by Rishi Gulati and Matthew Nelson*
The decision of the United Kingdom Supreme Court in Iraqi Civilians v. Ministry of Defence (No. 2)  UKSC 25 (“Iraqi Civilians”) demonstrates how public and private international law concepts interact and affect the rights of individuals allegedly subjected to grave breaches of rights to access a remedy before courts of law.
Iraqi Civilians: Background
The claimants, hundreds of Iraqi civilians represented by 14 lead claimants, brought claims under the Human Rights Act 1998 and in tort against the UK Ministry of Defence, for damages arising out of alleged unlawful detention and/or physical maltreatment by British soldiers between 2003 to 2008 in Iraq. After the cessation of the major combat operations in May 2003, the UK became an occupying power and began exercising the powers of the Iraqi Government on a temporary basis.
The Supreme Court’s brief decision, delivered by Justice Sumption, concerned the application of limitations to the claimants’ suits that operated as a matter of Iraqi law. Accepting, as the parties did, that Iraqi law applied in relation to questions of the Ministry’s liability in tort, the claimants were, by operation of Article 232 of the Civil Code of Iraq (the “Civil Code”), barred from commencing their applications (though their rights were not extinguished) by virtue of the operation of limitation periods to claims of this kind. Consequently, the claimants sought to invoke an order of the Coalition authorities, Coalition Provisional Authority Order 17 (the “Order”), that operated to suspend the taking of proceedings in Iraqi courts against the UK Government, such that it conferred state immunity on the UK Government from legal process in Iraqi courts. It is this order, the claimants’ argued, that had the effect of suspending the limitation periods, as envisaged in Article 435 of the Civil Code.
At first instance, Mr Justice Leggatt found for the claimants, concluding that the limitation period was suspended indefinitely because the Order constituted an impediment to the claimants bringing their claims against the UK Government in Iraqi courts. On appeal, Tomlinson LJ, delivered the Court’s decision, finding that the Order was simply a procedural bar to proceedings in Iraqi courts, with no relevance to English courts.
The Supreme Court noted that the English courts must ascertain the relevant foreign law of limitation, and apply it to the English proceedings. However, despite the basis for the purported suspension of the limitation period under Iraqi law, the Order was an instrument that has no operation outside Iraq, and did not operate to bar English proceedings at any time.
It is necessary to unpack the concepts in some detail.
Why was this claim brought in UK courts?
The answer lies in the law of State Immunity. Due to the application of State Immunity principles, the claimants were procedurally barred from bringing a claim against the UK in Iraq. It is worth citing the relevant arrangements between the UK and Iraq providing for such immunity.
Section 2 of The Order, still in force, states that “coalition forces in Iraq (including British forces) are immune from Iraqi legal process.” Section 2(4) provides that “coalition personnel are to be subject to the exclusive jurisdiction of their parent states, and immune from local criminal, civil and administrative jurisdiction other than by persons acting on behalf of their parent states.” Section 2(5) provides that “parent states may waive the immunity in respect of criminal liability at the request of the Coalition Provisional Authority if there are no relevant criminal sanctions in the parent state.”
The parties agreed that the Order made it impossible for the claimants to sue the British Government in Iraq throughout the relevant period” (at para. 8). It is questionable whether States can enjoy immunities with respect to the commission of a territorial tort. While yet not in force, Article 12 of the 2004 United Nations Convention on Jurisdictional Immunities of States and Their Property (the Convention), provides :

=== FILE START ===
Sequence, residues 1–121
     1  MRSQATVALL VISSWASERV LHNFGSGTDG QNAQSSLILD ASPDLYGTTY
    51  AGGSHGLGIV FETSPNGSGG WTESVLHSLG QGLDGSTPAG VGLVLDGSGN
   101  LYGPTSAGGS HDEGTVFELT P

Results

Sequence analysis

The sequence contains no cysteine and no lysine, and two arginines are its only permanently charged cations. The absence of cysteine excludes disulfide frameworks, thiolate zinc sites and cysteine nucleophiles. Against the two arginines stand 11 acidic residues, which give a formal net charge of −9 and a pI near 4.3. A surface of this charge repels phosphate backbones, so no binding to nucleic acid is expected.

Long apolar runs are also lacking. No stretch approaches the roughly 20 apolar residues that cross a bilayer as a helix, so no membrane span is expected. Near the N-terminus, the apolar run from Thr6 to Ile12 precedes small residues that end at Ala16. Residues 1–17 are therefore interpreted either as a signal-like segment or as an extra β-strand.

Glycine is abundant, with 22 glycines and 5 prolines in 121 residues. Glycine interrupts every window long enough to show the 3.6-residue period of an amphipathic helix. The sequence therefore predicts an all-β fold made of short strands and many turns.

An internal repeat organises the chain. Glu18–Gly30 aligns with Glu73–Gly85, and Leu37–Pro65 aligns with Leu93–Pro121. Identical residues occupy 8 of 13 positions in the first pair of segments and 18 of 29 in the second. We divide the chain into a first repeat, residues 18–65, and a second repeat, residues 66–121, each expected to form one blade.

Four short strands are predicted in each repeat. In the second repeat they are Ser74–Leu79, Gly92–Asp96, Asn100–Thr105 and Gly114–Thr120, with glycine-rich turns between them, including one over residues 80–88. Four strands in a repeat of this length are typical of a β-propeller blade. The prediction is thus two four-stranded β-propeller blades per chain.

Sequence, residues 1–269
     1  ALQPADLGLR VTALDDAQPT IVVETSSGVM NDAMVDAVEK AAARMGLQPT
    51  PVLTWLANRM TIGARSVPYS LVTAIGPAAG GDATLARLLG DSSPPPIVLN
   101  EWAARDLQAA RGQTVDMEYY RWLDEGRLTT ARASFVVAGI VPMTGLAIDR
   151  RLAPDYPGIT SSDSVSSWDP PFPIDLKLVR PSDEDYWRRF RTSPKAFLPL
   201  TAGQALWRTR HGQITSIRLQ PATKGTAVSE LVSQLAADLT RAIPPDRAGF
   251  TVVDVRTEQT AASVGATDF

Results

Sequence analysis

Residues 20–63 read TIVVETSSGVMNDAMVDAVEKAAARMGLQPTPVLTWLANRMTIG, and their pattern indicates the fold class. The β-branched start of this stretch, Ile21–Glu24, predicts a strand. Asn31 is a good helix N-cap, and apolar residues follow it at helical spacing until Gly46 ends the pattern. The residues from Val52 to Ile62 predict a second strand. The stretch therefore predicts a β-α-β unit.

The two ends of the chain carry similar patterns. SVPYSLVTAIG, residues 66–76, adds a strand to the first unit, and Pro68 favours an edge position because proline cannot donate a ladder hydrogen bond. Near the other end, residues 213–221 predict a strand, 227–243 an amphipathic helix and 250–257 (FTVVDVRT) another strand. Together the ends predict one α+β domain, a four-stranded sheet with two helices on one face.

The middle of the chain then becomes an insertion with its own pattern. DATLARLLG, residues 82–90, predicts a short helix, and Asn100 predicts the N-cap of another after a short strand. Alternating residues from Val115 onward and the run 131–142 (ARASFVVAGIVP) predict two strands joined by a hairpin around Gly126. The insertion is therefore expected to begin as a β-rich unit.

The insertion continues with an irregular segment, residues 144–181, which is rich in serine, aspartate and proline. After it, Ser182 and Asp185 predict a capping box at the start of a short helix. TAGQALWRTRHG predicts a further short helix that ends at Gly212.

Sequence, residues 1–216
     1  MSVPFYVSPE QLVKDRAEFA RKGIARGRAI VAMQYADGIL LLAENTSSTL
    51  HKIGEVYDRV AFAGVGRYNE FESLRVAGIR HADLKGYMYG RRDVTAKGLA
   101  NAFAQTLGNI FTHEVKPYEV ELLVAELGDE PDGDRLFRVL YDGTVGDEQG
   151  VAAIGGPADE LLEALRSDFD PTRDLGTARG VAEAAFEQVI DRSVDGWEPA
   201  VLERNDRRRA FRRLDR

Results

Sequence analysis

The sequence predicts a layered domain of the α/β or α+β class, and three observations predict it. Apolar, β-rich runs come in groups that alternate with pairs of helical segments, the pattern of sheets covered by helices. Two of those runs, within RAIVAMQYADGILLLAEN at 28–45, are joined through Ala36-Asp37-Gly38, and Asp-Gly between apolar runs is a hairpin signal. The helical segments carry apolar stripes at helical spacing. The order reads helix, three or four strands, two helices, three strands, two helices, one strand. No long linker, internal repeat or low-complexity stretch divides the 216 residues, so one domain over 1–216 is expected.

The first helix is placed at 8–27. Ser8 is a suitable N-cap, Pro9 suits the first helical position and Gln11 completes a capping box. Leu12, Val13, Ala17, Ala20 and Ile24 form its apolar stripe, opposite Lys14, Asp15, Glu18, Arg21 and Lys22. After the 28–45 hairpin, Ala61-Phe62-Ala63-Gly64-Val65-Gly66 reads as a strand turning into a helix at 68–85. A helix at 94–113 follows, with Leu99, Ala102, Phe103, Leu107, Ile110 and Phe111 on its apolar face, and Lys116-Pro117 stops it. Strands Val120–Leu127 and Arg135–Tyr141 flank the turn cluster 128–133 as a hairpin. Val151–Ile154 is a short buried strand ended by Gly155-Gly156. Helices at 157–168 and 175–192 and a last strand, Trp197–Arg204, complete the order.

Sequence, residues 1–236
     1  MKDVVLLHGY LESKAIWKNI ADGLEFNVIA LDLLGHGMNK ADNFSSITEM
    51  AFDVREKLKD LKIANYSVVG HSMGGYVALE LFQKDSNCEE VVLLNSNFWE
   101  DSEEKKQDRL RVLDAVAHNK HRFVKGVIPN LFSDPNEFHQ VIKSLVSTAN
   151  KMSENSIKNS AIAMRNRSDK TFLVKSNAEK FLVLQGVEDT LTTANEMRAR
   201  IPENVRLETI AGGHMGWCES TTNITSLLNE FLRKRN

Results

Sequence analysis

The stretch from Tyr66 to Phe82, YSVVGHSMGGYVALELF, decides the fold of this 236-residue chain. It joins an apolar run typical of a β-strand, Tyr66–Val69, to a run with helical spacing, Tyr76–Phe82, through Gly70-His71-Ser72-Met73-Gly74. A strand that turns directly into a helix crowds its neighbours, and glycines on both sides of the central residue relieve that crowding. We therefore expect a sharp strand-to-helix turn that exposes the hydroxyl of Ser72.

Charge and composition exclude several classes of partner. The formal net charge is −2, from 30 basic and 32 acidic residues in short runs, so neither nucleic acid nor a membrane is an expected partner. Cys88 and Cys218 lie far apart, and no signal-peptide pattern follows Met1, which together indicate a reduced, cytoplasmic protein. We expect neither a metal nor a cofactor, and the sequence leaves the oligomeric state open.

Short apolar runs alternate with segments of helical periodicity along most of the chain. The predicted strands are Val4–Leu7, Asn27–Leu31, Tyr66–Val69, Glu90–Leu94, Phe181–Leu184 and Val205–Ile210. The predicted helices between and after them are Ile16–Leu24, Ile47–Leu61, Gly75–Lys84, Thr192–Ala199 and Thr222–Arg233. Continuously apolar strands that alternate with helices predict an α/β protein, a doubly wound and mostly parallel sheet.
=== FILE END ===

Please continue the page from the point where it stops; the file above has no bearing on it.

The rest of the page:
Personal injuries and damage to property
Unless otherwise agreed between the States concerned, a State cannot invoke immunity from jurisdiction before a court of another State which is otherwise competent in a proceeding which relates to pecuniary compensation for death or injury to the person, or damage to or loss of tangible property, caused by an act or omission which is alleged to be attributable to the State, if the act or omission occurred in whole or in part in the territory of that other State and if the author of the act or omission was present in that territory at the time of the act or omission.
Article 12 of the UN Convention is entirely consistent with the rules on private international law, and only time will tell whether State Immunity for torts would be confined to the realms of history. However, what is important to note here is that the public international law norms on State Immunity conflicted with the well-accepted principle of private international law, whereby the courts of the territory on which the alleged tort occurred possess the jurisdiction to decide that claim.
However, on the facts of Iraqi Civilians, as both parties agreed that the bar presented by State Immunity was unbeatable, and that no waiver appears to have been forthcoming, the only recourse for the claimants was before English courts. Paradoxically, it was accepted that Iraq would have been the obvious and natural forum for the claimants to raise this claim.
A double whammy
Before English courts, where the UK enjoyed no immunity, it was the application of choice of law rules that ultimately prevented the claimants from making their claims. Thus, the claimants were subjected to two sets of procedural bars resulting in a manifest denial of justice.
More specifically, as the alleged injury occurred in Iraq, it was uncontentious that the law of Iraq would determine the substantive question whether the tort was indeed committed. The key question on appeal was whether procedural Iraqi laws providing for restrictive limitation periods of three years should have been applied in English courts as well. Notably, under article 232 of the Civil Code, the standard limitation period applicable to claims of this kind in Iraqi law is “three years from the day on which the claimant became aware of the injury and of the person who caused it” (at para. 6).
Here, the claim was brought after the limitation period expired. Thus, in the words of the Supreme Court: “The question which arises on this appeal is how the Act is to be applied in a case where the foreign limitation law depends for its operation on facts which are not germane to litigation in England” (at para. 8).